Monday, September 28, 2009

Mohsin Hamid: The Reluctant Fundamentalist

My husband got this for his birthday, and has been suggesting that I read it for a week or so now, insistently. It's not very long so I did it in one working night. It is the story of an intelligent young Pakistani who, over tea and a meal in a local restaurant, tells an American stranger visiting Lahore about his love affair with America and an American woman, a love affair that has ended with disillusionment and tragedy, respectively. It's a nice story that rings of truth - I've met people like our narrator, and I can understand the complex and diverse sentiments that he feels towards the United States.

I'm not completely mad about it. My initial reaction is that I'll soon forget it, that it's not very memorable. Admittedly it's too soon to tell, but it feels like a trifle to be honest. Well written, not
without poignancy, realism and feeling - but still not all that. I am very distracted by the frame of the novel too. It is written as one continuous monologue, and I've always abhorred that style, the way the narrator tells us what the other person is doing and saying indirectly:

I observe, sir, that there continues to be something about our waiter that puts you ill at ease. […] And if you should sense that he has taken a disliking to you, I would ask you to be so kind as to ignore it; his tribe merely spans both sides of our border with neighboring Afghanistan, and has suffered […} Is he praying, you ask? No, sir, not at all! His recitation - rhythmic, formulaic, from memory, ans so, I will concede, not unlike a prayer - is in actuality an attempt to transmit orally our menu, much as in your country one is told the specials.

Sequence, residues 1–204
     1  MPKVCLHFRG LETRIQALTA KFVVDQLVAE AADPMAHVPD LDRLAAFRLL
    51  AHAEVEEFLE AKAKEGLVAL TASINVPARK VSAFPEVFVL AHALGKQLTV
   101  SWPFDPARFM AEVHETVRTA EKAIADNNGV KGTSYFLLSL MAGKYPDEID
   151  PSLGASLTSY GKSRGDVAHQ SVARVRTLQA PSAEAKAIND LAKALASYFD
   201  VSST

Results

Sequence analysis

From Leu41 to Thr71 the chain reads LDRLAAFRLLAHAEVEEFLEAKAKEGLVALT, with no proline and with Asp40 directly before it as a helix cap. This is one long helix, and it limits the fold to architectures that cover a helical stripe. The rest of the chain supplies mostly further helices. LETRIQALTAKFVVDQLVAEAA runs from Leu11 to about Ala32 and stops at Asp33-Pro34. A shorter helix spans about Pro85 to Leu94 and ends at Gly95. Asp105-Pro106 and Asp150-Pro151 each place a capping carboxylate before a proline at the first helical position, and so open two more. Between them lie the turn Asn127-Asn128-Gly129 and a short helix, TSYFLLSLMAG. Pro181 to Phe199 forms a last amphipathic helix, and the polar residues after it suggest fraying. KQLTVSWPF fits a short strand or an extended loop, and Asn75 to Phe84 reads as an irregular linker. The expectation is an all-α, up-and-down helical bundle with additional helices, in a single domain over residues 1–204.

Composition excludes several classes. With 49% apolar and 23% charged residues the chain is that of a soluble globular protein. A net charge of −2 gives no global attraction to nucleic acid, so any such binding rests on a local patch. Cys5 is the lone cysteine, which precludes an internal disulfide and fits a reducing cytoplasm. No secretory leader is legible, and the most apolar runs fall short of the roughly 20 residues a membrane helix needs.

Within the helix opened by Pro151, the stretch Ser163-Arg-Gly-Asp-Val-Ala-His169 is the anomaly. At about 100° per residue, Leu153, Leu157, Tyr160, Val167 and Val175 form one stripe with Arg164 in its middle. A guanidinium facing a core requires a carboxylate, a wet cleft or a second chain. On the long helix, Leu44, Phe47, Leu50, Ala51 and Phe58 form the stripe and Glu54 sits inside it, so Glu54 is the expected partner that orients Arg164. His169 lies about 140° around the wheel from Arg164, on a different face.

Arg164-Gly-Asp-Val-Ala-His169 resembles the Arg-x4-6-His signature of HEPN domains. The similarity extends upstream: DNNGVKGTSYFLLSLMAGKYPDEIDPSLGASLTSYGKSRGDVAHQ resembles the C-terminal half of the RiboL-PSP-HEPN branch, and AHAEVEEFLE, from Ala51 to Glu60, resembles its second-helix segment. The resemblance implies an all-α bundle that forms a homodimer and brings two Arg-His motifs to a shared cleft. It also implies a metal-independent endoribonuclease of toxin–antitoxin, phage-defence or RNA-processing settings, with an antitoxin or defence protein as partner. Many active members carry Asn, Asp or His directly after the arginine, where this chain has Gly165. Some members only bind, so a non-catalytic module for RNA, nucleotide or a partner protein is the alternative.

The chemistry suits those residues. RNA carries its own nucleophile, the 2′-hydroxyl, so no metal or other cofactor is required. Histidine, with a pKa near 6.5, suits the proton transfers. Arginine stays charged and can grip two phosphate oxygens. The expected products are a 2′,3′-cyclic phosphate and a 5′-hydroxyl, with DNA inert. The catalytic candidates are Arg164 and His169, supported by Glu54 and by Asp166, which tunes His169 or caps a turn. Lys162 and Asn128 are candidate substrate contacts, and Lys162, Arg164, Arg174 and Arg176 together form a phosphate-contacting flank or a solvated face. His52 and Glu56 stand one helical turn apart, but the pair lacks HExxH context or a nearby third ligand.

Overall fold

Oh how it distracts me. It works on the stage, sometimes. But in a novel it just irritates me and prevents me from becoming immersed. The ending is very open and slightly unfinished, and first I decided that I thought this was good, but then I re-read it on the way home and decided that no, I didn't much care for it. Mostly because, again, the author can indulge - overindulge - in the annoying narrative style, particularly badly suited to an ending that is supposed to be very tense and filled with quiet action. Who is the American stranger? Did he actually come to seek out our narrator, who has made a name for himself as an anti-American? Violence hangs in the air, but one is left unsure as to who is going to perpetrate it. I can't say I don't recommend it, but mostly I suppose to people who have never thought about what motives someone might have for disliking America at all - n.b., not that this book is the best I've read for providing answers and/or cultural insights. I really don't understand the radiant praise this book has received (according to the cover quotes).

Turns out that my husband's quibbles were much the same as mine.

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